Madame Talent | CBE International

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Madame Talent

A Remembrance

To a young boy living in Paris during the German occupation, every day was a struggle for survival. Because of the scarcity of food, hunger had become a relentless torment. Almost daily, older people in our neighborhood were reported to have died of deprivation. The lack of fuel to heat homes and schools rendered lethal the exceptionally harsh winters of 1941 and 1942. Adults went about gaunt and listless. Children did not learn to play, to run, and to laugh. Tall strangers in green uniforms paraded around under the display of their twisted, satanic cross. Their heavy steel helmets, the daggers hanging from their wide black leather belts, their rough voices, and their hard faces struck terror into the depths of our beings. Pervasive fear, gnawing want, and hopelessness permeated every aspect of our existence.

Unexpectedly, a tiny ray of light broke through the surrounding darkness. My beleaguered widower father insisted that I attend the Sunday School, which was run by Chapelle Milton, a small Protestant church now defunct that was located just a few blocks away from our home. The church ritual seemed meaningless, but the children’s hour transported me into a colorful world of peace and gentleness that illumined the grassy hills around an ancient lake. The hungry were fed, the sick and maimed were healed, children were loved, and storms were calmed. I was offered a Bible by the teacher of my class. Three-quarters of a century later, it lies open here on my desk as I write these words. I did read it avidly and discovered the man from God at the center of the story. He won my heart and soon became my secret friend.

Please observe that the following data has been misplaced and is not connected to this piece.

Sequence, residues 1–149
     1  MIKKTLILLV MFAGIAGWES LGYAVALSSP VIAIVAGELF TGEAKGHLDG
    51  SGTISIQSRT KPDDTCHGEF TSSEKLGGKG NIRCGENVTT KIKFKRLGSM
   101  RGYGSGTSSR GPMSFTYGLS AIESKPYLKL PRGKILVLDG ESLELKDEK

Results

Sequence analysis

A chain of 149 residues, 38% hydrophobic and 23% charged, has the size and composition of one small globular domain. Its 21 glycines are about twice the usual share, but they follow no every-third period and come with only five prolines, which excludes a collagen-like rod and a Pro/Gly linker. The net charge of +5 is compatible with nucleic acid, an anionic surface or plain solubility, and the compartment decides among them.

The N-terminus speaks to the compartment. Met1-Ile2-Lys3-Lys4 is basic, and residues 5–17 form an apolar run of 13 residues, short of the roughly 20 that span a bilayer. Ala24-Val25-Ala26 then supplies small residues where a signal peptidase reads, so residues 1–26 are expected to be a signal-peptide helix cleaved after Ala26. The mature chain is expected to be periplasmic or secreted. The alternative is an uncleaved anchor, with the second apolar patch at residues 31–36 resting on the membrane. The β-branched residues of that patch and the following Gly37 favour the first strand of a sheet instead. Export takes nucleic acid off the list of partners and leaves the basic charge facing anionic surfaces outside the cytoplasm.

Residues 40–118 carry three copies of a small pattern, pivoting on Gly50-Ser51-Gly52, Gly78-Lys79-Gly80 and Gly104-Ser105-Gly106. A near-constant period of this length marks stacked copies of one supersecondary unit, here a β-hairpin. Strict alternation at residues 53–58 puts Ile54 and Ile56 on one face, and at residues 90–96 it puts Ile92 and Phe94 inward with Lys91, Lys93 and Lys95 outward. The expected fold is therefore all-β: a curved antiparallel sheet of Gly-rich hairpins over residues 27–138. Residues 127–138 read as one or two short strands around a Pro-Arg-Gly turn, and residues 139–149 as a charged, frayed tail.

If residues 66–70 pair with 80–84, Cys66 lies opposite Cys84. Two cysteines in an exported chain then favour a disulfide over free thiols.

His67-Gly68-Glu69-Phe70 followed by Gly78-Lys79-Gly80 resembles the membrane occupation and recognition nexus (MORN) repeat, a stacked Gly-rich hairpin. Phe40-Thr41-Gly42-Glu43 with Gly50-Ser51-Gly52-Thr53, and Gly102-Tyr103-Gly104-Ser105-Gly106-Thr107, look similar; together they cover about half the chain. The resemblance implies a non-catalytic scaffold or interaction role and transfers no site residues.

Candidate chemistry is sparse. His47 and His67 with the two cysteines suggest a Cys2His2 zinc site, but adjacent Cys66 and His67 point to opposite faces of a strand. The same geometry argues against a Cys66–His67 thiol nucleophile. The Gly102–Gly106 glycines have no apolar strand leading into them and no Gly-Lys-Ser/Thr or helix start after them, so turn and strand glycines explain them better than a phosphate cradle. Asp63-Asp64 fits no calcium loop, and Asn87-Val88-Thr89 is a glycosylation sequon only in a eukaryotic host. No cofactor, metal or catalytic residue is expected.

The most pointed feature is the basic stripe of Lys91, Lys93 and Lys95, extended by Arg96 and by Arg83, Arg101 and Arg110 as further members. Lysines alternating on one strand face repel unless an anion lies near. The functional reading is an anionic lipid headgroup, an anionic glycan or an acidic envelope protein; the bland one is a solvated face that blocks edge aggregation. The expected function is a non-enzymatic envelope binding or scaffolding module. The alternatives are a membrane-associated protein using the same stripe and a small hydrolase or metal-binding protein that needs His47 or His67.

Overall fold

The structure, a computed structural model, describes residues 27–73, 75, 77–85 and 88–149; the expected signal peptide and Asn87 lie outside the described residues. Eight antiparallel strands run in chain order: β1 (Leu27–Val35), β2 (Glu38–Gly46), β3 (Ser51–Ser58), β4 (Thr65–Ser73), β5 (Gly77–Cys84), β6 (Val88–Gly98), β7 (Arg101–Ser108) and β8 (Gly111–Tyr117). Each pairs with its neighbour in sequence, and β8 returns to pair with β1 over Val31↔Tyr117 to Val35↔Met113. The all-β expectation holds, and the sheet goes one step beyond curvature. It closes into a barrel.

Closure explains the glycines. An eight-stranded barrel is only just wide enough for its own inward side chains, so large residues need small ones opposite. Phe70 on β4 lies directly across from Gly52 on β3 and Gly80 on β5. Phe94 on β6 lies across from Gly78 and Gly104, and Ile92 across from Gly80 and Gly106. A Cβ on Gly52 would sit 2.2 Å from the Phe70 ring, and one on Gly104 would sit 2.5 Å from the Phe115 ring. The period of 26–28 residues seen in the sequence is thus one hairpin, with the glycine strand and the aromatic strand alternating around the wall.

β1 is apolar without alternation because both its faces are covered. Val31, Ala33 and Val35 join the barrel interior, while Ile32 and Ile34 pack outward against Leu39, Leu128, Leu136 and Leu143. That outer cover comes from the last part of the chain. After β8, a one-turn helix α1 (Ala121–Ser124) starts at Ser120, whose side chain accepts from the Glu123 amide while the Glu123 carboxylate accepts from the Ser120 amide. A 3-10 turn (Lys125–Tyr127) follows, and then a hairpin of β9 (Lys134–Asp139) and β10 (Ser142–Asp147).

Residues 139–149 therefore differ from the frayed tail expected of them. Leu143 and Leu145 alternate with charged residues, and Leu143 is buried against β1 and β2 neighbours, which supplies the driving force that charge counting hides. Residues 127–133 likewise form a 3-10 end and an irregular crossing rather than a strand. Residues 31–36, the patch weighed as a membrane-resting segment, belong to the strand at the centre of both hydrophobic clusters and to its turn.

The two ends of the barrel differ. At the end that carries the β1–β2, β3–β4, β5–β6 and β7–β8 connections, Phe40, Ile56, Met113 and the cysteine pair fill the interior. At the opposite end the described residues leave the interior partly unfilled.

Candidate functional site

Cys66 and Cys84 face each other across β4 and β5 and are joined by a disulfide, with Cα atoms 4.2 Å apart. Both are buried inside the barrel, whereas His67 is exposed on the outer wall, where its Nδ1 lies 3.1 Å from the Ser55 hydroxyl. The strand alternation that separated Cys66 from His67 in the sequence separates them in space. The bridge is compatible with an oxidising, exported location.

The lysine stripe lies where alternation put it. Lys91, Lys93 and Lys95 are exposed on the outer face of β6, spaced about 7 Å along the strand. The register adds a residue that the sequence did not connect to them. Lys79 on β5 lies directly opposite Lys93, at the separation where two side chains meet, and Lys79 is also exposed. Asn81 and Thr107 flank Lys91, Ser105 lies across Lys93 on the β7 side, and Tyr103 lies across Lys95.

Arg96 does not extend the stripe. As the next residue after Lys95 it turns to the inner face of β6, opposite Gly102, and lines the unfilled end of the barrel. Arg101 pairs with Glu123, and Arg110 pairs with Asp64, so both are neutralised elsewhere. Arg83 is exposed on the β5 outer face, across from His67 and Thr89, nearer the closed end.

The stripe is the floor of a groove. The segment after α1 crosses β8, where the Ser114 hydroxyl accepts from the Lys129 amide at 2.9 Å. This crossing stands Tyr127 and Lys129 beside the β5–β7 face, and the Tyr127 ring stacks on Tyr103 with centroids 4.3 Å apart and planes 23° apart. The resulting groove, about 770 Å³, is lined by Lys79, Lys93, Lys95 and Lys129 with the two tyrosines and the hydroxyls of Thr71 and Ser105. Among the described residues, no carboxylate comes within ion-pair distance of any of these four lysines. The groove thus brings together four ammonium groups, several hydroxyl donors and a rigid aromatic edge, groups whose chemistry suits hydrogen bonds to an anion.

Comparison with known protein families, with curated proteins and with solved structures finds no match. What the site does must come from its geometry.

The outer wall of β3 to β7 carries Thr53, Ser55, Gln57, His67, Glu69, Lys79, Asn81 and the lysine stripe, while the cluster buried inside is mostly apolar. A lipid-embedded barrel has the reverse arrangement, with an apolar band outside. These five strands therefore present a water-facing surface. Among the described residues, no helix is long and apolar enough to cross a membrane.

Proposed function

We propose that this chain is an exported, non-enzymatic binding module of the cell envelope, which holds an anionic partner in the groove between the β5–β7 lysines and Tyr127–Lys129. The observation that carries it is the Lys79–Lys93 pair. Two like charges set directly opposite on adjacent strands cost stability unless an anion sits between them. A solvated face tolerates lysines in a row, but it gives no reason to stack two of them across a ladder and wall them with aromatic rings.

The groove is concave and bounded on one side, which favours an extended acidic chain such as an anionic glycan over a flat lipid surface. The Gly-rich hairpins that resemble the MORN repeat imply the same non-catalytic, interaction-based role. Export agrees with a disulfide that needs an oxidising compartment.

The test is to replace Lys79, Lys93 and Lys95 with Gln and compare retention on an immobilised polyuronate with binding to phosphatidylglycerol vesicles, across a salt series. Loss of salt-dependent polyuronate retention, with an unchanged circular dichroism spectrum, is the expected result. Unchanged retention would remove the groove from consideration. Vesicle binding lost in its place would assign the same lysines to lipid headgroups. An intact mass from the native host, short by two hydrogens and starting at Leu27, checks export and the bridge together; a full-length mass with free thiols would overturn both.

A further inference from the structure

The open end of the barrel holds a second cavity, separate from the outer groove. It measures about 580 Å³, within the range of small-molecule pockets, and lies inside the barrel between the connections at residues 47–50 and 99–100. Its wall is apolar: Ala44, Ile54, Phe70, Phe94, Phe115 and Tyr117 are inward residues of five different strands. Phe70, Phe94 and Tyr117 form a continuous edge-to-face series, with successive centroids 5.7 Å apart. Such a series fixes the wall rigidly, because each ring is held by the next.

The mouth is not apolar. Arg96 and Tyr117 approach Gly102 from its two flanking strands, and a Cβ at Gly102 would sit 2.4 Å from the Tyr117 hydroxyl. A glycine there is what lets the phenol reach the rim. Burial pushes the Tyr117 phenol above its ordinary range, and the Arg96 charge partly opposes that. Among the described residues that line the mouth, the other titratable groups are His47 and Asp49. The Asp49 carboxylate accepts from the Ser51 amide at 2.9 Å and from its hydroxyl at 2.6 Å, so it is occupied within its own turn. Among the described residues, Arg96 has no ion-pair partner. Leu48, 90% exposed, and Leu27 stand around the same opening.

Among the brave adults who taught us was an older woman called Madame Talent. She was the widow of a French soldier who had been killed in the trenches of Verdun during World War I. There really was nothing remarkable about her that could have justified her name. She was a plain-looking woman with a round face, short and slicked-down hair for simplicity. Hot or cold, indoors or outside, she always wore the same long, dark coat made of some shiny material held tightly together with a vertical row of tiny buttons in front; a black cloche hat that framed perfectly the shape of her face; thin boots, high on the ankles and secured by networks of stringy black laces. I was dimly aware that, in attire and lifestyle, she still belonged to the culture of the nineteenth century and to the remote southern province from which she had come to the capital to work as a housemaid.